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Better not let a certain Kryptonian hear you say that - always wondered how they get away with using that name. DC comics might get royally pissed... :.>>

Anyway, onto a different tangent on the same subject - I see that version 2 of sdr-radio (I think I got that right) also does RTTY and ROS. Does anyone know if that's good old Baudot RTTY or encompasses other modes besides that one?

Mike
 

osros

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Interesting stuff, I just recently dusted off my gear in prep for a new shack and get back into it. I have a SDR-14 and when I got it enjoyed it very much as a standalone HF and as at spectrum analyzer tied into the IF Output of my AR5000A for VHF/UHF snooping I found many a unlisted input freq with it. Kind which I had two right now can think of a great setup with two.

Anyway about decoding I dabbled into it back in the day wish I did more but enjoyed it. I discovered Sky-sweeper a bit too late but was able to get the STD version, which looks like still works just tried it. I wish I had gotten the PRO version. Back in the day I wanted the Hoka stuff so bad but could not justify the cost.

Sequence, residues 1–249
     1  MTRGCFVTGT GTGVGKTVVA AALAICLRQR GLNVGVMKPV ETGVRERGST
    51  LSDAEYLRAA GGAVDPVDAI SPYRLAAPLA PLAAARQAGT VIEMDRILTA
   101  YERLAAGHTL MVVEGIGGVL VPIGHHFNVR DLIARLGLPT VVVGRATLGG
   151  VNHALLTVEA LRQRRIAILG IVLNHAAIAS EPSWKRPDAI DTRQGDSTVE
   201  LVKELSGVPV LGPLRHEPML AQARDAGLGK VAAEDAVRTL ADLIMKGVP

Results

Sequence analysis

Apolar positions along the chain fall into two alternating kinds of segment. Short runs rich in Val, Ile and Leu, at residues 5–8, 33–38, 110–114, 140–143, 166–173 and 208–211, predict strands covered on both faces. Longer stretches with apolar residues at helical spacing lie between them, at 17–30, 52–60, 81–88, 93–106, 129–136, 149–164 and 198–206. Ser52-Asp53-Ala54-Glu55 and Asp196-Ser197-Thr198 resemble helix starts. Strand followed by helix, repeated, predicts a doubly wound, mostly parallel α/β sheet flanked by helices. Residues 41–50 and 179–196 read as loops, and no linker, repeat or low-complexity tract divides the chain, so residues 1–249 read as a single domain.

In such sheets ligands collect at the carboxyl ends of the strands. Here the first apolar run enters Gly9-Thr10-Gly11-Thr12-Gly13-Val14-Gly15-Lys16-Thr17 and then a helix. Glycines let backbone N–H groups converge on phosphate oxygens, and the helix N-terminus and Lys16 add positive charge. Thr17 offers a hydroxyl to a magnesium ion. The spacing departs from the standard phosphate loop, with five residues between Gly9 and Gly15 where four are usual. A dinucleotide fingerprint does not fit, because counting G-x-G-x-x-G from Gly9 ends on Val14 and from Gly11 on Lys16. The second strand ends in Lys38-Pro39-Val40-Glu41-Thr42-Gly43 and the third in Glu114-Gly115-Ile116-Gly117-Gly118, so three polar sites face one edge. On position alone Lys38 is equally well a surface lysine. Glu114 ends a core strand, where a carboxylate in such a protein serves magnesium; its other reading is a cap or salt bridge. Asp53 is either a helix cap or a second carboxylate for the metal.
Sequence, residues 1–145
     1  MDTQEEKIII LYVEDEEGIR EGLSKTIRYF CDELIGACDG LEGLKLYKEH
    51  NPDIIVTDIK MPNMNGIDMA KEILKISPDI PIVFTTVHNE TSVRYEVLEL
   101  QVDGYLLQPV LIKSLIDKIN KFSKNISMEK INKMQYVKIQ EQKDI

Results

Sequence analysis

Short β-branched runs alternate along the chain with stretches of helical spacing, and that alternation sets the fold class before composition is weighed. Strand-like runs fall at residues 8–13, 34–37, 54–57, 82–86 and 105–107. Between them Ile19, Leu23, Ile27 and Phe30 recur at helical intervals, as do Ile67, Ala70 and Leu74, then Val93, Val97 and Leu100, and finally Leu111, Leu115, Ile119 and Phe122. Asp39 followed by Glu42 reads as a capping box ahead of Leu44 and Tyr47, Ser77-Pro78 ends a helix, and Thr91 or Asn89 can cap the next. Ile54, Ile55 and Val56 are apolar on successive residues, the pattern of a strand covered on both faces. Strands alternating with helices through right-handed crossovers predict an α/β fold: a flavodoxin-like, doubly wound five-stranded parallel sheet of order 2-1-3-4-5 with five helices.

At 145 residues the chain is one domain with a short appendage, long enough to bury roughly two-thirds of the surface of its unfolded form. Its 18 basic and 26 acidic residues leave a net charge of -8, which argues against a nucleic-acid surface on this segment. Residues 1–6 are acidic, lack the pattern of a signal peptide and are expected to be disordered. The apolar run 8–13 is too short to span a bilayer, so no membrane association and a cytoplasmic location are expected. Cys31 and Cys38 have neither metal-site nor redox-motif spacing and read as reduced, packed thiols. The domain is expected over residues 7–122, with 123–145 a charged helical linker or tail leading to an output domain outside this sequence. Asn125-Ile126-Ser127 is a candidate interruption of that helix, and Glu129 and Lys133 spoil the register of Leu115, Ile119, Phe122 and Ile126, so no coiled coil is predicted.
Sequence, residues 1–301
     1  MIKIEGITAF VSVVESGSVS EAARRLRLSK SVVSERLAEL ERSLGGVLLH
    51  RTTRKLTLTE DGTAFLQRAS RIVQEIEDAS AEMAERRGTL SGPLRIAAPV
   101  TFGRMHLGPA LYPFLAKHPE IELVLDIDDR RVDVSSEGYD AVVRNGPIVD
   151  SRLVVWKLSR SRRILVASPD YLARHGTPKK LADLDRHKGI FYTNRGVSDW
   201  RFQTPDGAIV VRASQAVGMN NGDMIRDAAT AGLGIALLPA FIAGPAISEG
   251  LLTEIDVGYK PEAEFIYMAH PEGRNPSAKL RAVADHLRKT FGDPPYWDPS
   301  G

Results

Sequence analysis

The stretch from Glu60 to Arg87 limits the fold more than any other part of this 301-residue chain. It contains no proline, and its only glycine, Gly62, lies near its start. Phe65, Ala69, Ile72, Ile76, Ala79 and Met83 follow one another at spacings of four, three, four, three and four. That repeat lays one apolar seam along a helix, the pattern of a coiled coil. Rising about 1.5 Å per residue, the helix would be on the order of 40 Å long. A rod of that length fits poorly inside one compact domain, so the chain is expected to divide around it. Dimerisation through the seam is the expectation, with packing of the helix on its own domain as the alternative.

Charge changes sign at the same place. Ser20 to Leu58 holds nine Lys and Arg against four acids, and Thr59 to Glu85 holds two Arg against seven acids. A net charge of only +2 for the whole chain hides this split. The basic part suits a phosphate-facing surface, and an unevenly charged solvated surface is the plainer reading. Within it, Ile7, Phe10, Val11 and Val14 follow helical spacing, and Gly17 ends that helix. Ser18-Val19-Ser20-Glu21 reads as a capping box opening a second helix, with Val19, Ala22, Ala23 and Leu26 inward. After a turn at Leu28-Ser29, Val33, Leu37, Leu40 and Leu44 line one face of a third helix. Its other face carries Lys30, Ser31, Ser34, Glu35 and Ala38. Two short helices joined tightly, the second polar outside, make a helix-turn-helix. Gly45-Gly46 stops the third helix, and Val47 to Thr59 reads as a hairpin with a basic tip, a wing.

Well now I like to get back into data and feel I will be starting from scratch at least with getting proper software. I like to know what is best all around decoder SW with the max modes/capabilities now a days at a reasonable price? I can appreciate all those professional type software but prices are extreme. What good SW that is lets say under $1000. I figure that's my limit if I'm serious about this I just cant afford any trail and error so I'm asking the pros out there.

Appreciate any links even if over $1k I interested in at least looking. I saw a couple pro grade SW out there but cant find them now.



Thanks
 

ka3jjz

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If you have seen the links on the page in my sig, you have an idea of what is out there now.

If we ignore the hyper expensive packages (Krypto, Hoka, WaveCom, etc.), you can build a nice library of software without spending big bucks. Certainly there's a place for those expensive decoders (but let's face it - not everyone can afford them). You will never get a straight answer about 'what is best' (much like asking the same thing about a car) simply because what is 'best' to one individual may not be to another. It's a matter of perspective, as well as a sometimes-subjective evaluation of performance. This is because each person may not have precisely the same setup (same receiver, antennas, PC, etc.) and all of this can influence that judgement to some degree.